East London Waterworks Park is a volunteer-led charity based across Hackney and Waltham Forest. One of the organisations that founded the project was formed in response to the 2012 Olympic Games, and it hopes that the project will create a longer, more widespread legacy than just the Olympic Park in Stratford.
The crowdfunding campaign was launched to raise £500,000 to demonstrate community support for the project to transform an old Thames Water depot into the first new swimming ponds to be built in London since Hampstead Ponds in 1777.
Hackney benefits from the incredibly popular London Fields Lido and Hackney West Reservoir for outdoor swimming, but Waltham Forest has no outdoor swimming provision. During last year’s Summer heatwave, swimming pools were inundated with locals desperate to cool off.
With some 40% of young people in Waltham Forest and Hackney living in poverty, many of the existing facilities are simply too expensive.
The group’s aim is to transform this concrete-covered depot to, once more, play its part in supporting the health and well-being of the local community and visitors from all over London and beyond. Having access to green and blue spaces makes people mentally healthier according to a significant body of academic research. Through opportunities to learn and grow, and conservation volunteering and wild swimming, it plans to connect people with nature in new and tangible ways.
FLORA AND FAUNA
The biodiversity of the old depot that borders Hackney and Waltham Forest is as you might expect limited as it is currently a huge slab of concrete that is predominantly used for storing machinery.
This is at odds with the rest of the surrounding area. The vibrant River Lee Country Park stretches for 26 miles from the Limehouse Basin by the River Thames, all the way up to Ware. It is often referred to as the “great green lung” in the east and includes Walthamstow Marshes, a Site of Special Scientific Interest (SSI) and one of the last remaining examples of semi-natural wetland in Greater London.
The marshes contain a variety of plants such as a range of neutral grassland types, sedge marsh, reed swamp, sallow scrub and areas of tall herb vegetation. There are several species of plant and insect which are uncommon in the London area, such as the Essex skipper butterfly, the pyralid moth, and there is also sporadic breeding by the nationally endangered marsh warbler. The breeding bird community includes reed bunting, and reed, sedge and willow warblers.
There are also numerous parks in the area such as Millfields, Jubilee and Springfield, and the River Lea that borders the site. Although it is currently heavily polluted, we hope that we can influence and inspire local businesses and the community to work together to improve the River Lea and take better care of it in future.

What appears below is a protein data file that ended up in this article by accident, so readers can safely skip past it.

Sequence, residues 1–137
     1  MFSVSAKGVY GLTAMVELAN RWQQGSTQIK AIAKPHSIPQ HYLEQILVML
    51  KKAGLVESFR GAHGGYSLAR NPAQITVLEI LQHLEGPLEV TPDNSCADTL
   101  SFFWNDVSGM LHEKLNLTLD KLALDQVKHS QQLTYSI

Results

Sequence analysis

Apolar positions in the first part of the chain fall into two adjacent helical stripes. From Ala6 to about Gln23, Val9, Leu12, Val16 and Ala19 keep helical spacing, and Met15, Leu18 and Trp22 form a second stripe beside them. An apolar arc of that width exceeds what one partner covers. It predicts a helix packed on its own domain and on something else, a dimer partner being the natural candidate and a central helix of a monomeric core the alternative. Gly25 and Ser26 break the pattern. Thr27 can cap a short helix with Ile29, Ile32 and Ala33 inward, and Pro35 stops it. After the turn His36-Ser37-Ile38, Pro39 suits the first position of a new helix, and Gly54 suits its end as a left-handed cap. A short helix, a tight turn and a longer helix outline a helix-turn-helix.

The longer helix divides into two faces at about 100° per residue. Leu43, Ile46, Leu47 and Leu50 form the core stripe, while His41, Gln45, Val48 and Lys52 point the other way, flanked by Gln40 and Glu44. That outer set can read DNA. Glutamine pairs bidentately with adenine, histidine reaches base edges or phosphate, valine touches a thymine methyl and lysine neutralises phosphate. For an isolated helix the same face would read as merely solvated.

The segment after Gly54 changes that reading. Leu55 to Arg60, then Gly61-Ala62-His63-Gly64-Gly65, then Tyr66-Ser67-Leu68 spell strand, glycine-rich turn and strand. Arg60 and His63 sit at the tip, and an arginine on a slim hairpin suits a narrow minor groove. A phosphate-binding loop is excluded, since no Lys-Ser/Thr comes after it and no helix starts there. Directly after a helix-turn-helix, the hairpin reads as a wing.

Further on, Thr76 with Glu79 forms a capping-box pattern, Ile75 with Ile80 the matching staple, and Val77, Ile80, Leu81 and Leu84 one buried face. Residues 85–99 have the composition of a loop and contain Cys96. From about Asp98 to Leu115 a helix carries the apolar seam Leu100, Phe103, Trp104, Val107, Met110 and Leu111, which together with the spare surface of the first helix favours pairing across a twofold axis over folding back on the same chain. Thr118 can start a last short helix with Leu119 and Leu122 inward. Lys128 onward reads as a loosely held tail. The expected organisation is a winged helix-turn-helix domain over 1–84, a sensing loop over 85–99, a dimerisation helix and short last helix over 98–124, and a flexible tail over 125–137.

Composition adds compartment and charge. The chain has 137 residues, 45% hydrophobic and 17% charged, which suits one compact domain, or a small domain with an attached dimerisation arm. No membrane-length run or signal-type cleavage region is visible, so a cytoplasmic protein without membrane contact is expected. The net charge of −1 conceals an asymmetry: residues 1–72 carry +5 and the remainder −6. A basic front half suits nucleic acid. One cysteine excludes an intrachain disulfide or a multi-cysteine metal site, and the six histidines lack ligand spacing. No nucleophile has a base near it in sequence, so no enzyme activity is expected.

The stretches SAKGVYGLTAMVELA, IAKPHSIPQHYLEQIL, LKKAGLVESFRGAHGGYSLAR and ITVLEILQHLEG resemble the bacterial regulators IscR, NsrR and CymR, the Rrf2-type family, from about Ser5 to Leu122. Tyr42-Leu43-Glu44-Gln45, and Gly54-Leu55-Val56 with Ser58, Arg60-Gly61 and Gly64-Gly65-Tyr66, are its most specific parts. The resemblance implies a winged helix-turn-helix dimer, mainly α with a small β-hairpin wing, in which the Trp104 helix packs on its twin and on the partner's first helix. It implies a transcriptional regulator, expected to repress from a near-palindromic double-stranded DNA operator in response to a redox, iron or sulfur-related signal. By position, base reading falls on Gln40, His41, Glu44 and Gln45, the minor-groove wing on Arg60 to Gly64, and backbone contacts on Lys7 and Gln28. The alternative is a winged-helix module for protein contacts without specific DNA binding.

The sustainably maintained ponds will cover around 5,000 square meters and allow more than 1,000 people to swim each day for free.
There will also be spaces for scientific research, arts, and a make-and-repair workshop. The park will be the largest community rewilding plot bought from the UK government. It will create habitats for rare butterflies, invertebrates, bats, and birds, and be the first public swimming ponds in the UK to be filled with rainwater cleaned naturally by reeds and aquatic plants.
COME AND JOIN US!
The group is divided into seven circles that meet regularly and report into the Hub Circle. Currently the different circles are as follows: Fundraising is looking for help promoting the crowdfunder and working on grant and corporate donations; Inclusivity is researching and listening to the local community to ensure the project and park welcome everyone; Learning is designing the learning experiences of the project and park; Communications is looking for graphic designers, illustrators,
animators, social media and marketing specialists; Design is looking for architects, engineers, ecologists, and gardeners; Technology is looking for web developers and IT specialists to help build the systems we need to help manage a community-owned park.
And we need to spread the word even further and wider. This can be a community-owned park created by and for everyone. Inclusivity is boosted by allowing anyone to join any working group, providing an opportunity for local people to create a focus for doing good in their spare time.
This is a once-in-a-lifetime opportunity to improve the environment, and the physical and mental health of the people of East London.
We need to raise £3 million within the next year to buy the land, before we miss this once-in-a-generation opportunity to make a real difference to our local communities.
Which is where you come in. We need you to spread the word among all your friends, family, colleagues and like-minded souls. Whether you think they may want to volunteer among one of the seven circles and put their expertise to good use or can make some noise about it on their socials – to copy a certain large supermarket’s catchline, ‘every little helps’! So please help us make this once-in-a-lifetime project become reality!
We have made great progress so far, but we still need your help. With your support, we can raise £500,000 directly through our crowdfunding which you can contribute to here. If we can achieve this, we have every reason to believe it will unlock further funding of £2.5 million from corporate donations and grant funding.
For further info and updates on the crowdfunding campaign follow @eastlondonwaterworkspark